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HANSEN ET AL. Table 4. Concentration (mg/kg dry organ) of alpha-tocopherol, gamma-tocotrienol, and delta-tocotrienol in various organs and tissues and manure from hens fed diets supplemented with different levels of annatto tocotrienols (T3) and alpha-tocopherol (TC) (n = 4).a Alpha-tocopherol Controlb

0.1 ± 0.1 B 0.5 ± 0.9 B 2.6 ± 2.0 C 58.3 ± 12.8 C 0.1 ± 0.0 B

2.4 ± 0.5 C 0.9 ± 0.2 B 3.7 ± 1.2 B Controlb

Skin Fat pad Liver and gall bladder Heart Oviduct Forming yolk Laid yolks Lung Spleen Kidney Pancreas Gizzard Digestive tract Brain Thigh Breast Manure

Skin Fat pad Liver and gall bladder Heart Oviduct Forming yolk Laid yolks Lung Spleen Kidney Pancreas Gizzard Digestive tract Brain Thigh Breast Manure

0B 0.1 ± 0.0 C 0.4 ± 0.0 C

TC 200b

TC 1,000b

0.2 ± 0.1 B

0.1 ± 0.1 B 32.0 ± 36.5 B

0.3 ± 0.0 A 187.7 ± 36.8 A

0B 3.2 ± 1.8 C 68.4 ± 7.3 C 0.2 ± 0.0 B

2.0 ± 0.7 C 1.1 ± 0.1 B 21.1 ± 19.2 B

3.0 ± 5.1 B 302.5 ± 9.5 B 695.0 ± 9.4 B 2.7 ± 5.1 B

5.8 ± 0.4 B 2.1 ± 0.4 B 98.8 ± 18.4 B

Gamma-tocotrienol T3 2,000b TC 200b

0.6 ± 0.3 A

0B 1.4 ± 0.2 A 12.1 ± 1.9 A

1.1 ± 0.1 A,B 10.1 ± 1.0 A,B 0.2 ± 0.2 B

0.1 ± 0.0 B

0.1 ± 0.0 B

21.9 ± 9.7 A

12.8 ± 2.2 A 7.0 ± 1.4 A 505.0 ± 96.4 A TC 1,000b

0.7 ± 0.1 A 1.0 ± 0.2 B 9.2 ± 0.7 B 0.6 ± 0.1 A

0.2 ± 0.1 A

0B 0.6 ± 0.2 C

0.3 ± 0.1 A 29.9 ± 7.9 A

Controlb

T3 2,000b

0B 0B

0.8 ± 1.0 A,B 1.3 ± 1.6 A,B

0.9 ± 1.0 A,B 2.3 ± 1.2 A

3.1 ± 2.2 A 2.2 ± 0.4 A

0B 0B 0.2 ± 0.4 B

0.8 ± 0.4 A,B 2.8 ± 0.4 A 22.7 ± 3.7 A

1.6 ± 1.4 A,B 2.6 ± 0.6 A 21.4 ± 3.620 A

0.8 ± 0.1 A 2.3 ± 0.3 A 19.0 ± 1.1 A

0B 0B 0B 0.3 ± 0.4 B

0.2 ± 0.1 A 18.4 ± 4.7 B

34.2 ± 16.8 A 1154.4 ± 64.0 A 2570.8 ± 189.9 A

Delta-tocotrienol TC 200b

0.5 ± 0.1 A,B 1.00 ± 0.45 A 0.7 ± 0.1 A,B 187.0 ± 55.9 A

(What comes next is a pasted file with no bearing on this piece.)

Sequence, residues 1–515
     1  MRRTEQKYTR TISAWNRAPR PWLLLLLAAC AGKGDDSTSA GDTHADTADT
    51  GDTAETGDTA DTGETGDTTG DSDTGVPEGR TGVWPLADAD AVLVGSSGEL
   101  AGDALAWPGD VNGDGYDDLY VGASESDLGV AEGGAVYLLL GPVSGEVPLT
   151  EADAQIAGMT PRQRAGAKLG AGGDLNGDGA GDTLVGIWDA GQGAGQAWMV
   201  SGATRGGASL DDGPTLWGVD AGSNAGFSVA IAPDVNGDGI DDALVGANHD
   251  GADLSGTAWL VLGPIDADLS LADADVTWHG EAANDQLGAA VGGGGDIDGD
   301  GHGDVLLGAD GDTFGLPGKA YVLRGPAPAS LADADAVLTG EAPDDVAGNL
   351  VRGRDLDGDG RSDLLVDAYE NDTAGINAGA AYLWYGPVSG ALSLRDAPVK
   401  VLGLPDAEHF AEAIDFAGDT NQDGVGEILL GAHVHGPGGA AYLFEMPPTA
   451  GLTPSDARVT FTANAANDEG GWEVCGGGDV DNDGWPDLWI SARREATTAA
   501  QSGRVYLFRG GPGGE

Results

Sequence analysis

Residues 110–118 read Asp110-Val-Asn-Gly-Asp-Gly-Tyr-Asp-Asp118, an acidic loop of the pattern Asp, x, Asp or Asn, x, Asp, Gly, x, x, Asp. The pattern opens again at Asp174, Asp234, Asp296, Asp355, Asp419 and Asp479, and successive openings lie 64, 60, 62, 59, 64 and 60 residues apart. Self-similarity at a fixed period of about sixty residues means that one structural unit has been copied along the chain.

0.8 ± 0.3 A 1.16 ± 0.32 A 1.1 ± 0.9 A 120.9 ± 33.7 A

0.2 ± 0.0 A 25.8 ± 5.3 A,B TC 1,000b

0.6 ± 0.4 A 1.05 ± 0.10 A 0.6 ± 0.1 A,B 156.6 ± 33.3 A

Significance

Main effectc

NS

0

∗ ∗

NS ∗

0

∗ ∗

NS NS

0 0.1 ± 0.1

NS NS NS

0.1 ± 0.0 0 0.9 ± 1.5

NS

2.4 ± 4.3



∗ ∗ ∗

Significance

Main effectc

NS NS

0 0

NS NS

0 0.2 ± 0.1



∗ ∗

NS NS

0 0

NS NS NS

0 0 0.2 ± 0.3

NS

0.2 ± 0.1



∗ ∗ ∗

Significance

Main effectc

NS

0.1 ± 0.1

∗ ∗

NS ∗

0

∗ ∗

NS NS NS NS NS NS ∗

0 0 1.5 ± 1.0 0 0 2.0 ± 2.8

∗ ∗ ∗

a Values are means ± standard deviations. b Diets detailed in Table 2, T3 = mg/kg annatto, TC = mg/kg alpha-tocopherol with constant 2,000 mg/kg annatto. c Main effect is the mean value across all treatments in the same row when there is no significance (NS). ∗ P-value = 0.05.

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Skin Fat pad Liver and gall bladder Heart Oviduct Forming yolk Laid yolks Lung Spleen Kidney Pancreas Gizzard Digestive tract Brain Thigh Breast Manure

T3 2,000b

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DISTRIBUTION OF TOCOS IN LAYING HEN Table 5. Cholesterol content of selected organs and tissues from hens fed diets supplemented with different levels of annatto tocotrienols (T3) and alpha-tocopherol (TC) (n = 4).a mg Cholesterol/g organ as-is

T3 2,000b

5.7 ± 0.7 A

3.6 ± 0.4 B

TC 200b

5.3 ± 0.4 A

TC 1,000b

4.3 ± 0.5 A,B

Controlb

T3 2,000b

TC 200b

TC 1,000b

10.9 ± 1.4 A,B

11.2 ± 1.3 A

9.8 ± 1.2 A,B

8.0 ± 0.5 B

Controlb

T3 2,000b

TC 200b

TC 1,000b

22.7 ± 2.8 A

22.1 ± 2.6 A

19.6 ± 2.5 A,B

15.0 ± 0.9 B

Significance NS NS NS NS NS ∗∗

Main effectc 0.4 0.8 3.7 3.6 2.2

± ± ± ± ±

0.1 0.1 0.3 0.3 0.3

NS Significance NS NS NS NS NS

14.2 ± 0.6 Main effectc 1.2 ± 0.1 3.1 ± 0.3 14.0 ± 1.1 15.7 ± 1.4 10.2 ± 1.2

NS Significance NS NS NS NS NS

27.6 ± 1.1 Main effectc 13.9 ± 0.5 23.6 ± 4.0 44.5 ± 3.3 38.8 ± 5.3 57.0 ± 14.8

NS

43.2 ± 1.5

∗∗

∗∗

aValues are means ± standard deviations. Diets detailed in Table 2, T3 = mg/kg annatto, TC = mg/kg alpha-tocopherol with constant 2,000 mg/kg annatto. c Main effect is the mean value across all treatments in the same row when there is no significance (NS). ∗∗ P-value = 0.01. b

Figure 1. Mass distribution of alpha-tocopherol in various organs and tissues of laying hens. All diets with supplementation have 2,000 mg/kg annatto, and manure was excluded. Error bars = SD.